Sunday, 30 December 2012

Living on £4,000 for a Year

Time to Balance the Budget!

 
Once again, I am going to attempt to stick with my frugal living challenge to live on (or should that be off?) £4,000 for the entire year.

On Wednesday 28th November, the car failed its MOT and proved to be an uneconomical repair. On Monday 3rd December, the car got scrapped. We have decided to attempt to do without a car in 2013, but we won't be without wheels.

We live in a rural location, we are not on a bus route and there are no local taxis. The main road is just over a mile from the house, so we can walk there and flag down the occasional bus - I think there are two per day. I've asked friends about lift-sharing and have registered with Royal Mail so I can  pre-pay and print postage labels, then all I need to do is pop the mail into the box or hand it to the postman.

With what was saved on the final month's petrol, scrap money and refund of road tax from the car, it paid for two secondhand bikes. December 2012 was the first time I had cycled in 30 years! My 2013 challenge includes seeing how easy it is to manage without a car, despite living in a rural location, and keep the overall annual household budget below £4,000.00 while having frugal FUN!
 
Having a prepayment electricity meter normally means going and topping up the key at the post office or relevant PayPoint. That's not easy on a miserble, windy, wet day when the post office is a 7 mile round trip, so I bought a Scottish Power 'pod', which cost me £13.99. I can now top up the meter online. After considered paying the £60 to have meter replaced, I decided against it. Why should we need to pay extra when the power companies will soon be installing Smart Meters into every house in the country? We'll ALL be charged for those, both gas (for those who have it) and electricity, once the Government plan is rolled out fully over the next few years.

My new challenge budget has been finalised! It reflects groceries, electricity, heating, telephone, Internet and TV for the household, but gift buying, clothes, mobile phone, postage, travel etc is my own only... housesharing means no joint-accounts, no joint family affairs and, if I want to blow the balance on a horse, the house or a foreign holiday, I'm free to do so. But I promise not to buy a horse!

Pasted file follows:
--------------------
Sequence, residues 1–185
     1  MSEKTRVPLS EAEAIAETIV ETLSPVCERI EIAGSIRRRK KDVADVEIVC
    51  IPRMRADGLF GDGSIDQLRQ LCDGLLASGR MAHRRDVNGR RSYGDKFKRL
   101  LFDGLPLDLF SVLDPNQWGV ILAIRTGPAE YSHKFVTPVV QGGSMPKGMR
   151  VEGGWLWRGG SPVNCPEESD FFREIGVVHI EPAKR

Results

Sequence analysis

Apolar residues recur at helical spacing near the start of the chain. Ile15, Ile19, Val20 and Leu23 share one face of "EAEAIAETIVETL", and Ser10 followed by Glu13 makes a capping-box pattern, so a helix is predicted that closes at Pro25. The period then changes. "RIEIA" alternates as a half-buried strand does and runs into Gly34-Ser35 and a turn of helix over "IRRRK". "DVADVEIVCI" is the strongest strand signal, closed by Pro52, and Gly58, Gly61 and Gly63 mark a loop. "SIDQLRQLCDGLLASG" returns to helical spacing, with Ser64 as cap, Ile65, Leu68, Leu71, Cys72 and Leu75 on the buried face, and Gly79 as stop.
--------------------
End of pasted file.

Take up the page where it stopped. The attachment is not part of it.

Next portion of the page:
The Finalised Challenge Budget for 2013

Groceries, Toiletries, Cleaning - £1,000
Electricity - £800
Coal - £200
Logs - £200
Other - £12 (firelighters, matches etc)
Mobile - £5
Telephone & Internet - £360
TV - £145.50
Footwear & Clothing - £50
Gifts - £100
Transport Costs - £75
Postage & Deliveries - £35
Home Insurance - £100
Household Pets - £60
Everything else - £857.50

TOTAL = £4,000.00

In a change of plan, I will not be deducting council tax or buildings insurance from my budget, so I've shared some of the extra money among the gifts, fuel and groceries categories, while leaving the remainder under the category of 'everything else'. Without a car to worry about, I'm feeling positively LOADED for 2013!
 
Frugal living has never looked so good! I've managed to fit in a few miles of cycling to get used to the bike, a set of mud flaps, lights and a back rack have been fitted, so I can stay drier going through puddles, be seen and carry the basic essentials home when visiting the shop. Recent eBay purchases included fleecy leggings (99p per pair) and hi-vizibility vests (99p), so I think we're all set to roll into the new year.
 
The freezer is full, the cupboards are full, there's enough coal to take us through to the next visit by the coal man and I've already started collecting kindling sticks to replenish our dwindling supply. January is always a fairly expensive month for me, so the budget takes more than its fair share of hitsduring the coming month. With luck, winter will be kind to us and there's plenty of work to be done about the place in between keeping up to date with my 'eBidding', making McGonks and writing about life in Frugaldom.
 
Finally, a couple of the bantams have started to lay eggs again and I haven't even used the eggs from the freezer, yet. Pancakes, omlettes, quiche and homemade pasta can now be reintroduced to the frugal menu and who knows, we may even have some lemon curd back on the go soon.
 
All comments and questions are welcome - frugal living is about making affordable living fun while steering clear of debts. If you're looking for a money challenge, feel free to join us online anytime in the Frugaldom Forums and I will do my best to keep the blog ticking over in more diary-like fashion for the benefits of my wonderful subscribers. You'll also find a version of this challenge on the Moneysavingexpert forums, where many people prefer to go, just search for the 2013 Frugal Living Challenge and you'll find us. :)
 
Thank you for showing an interest in frugaldom and all it entails. I hope everyone can have some frugal fun in 2013.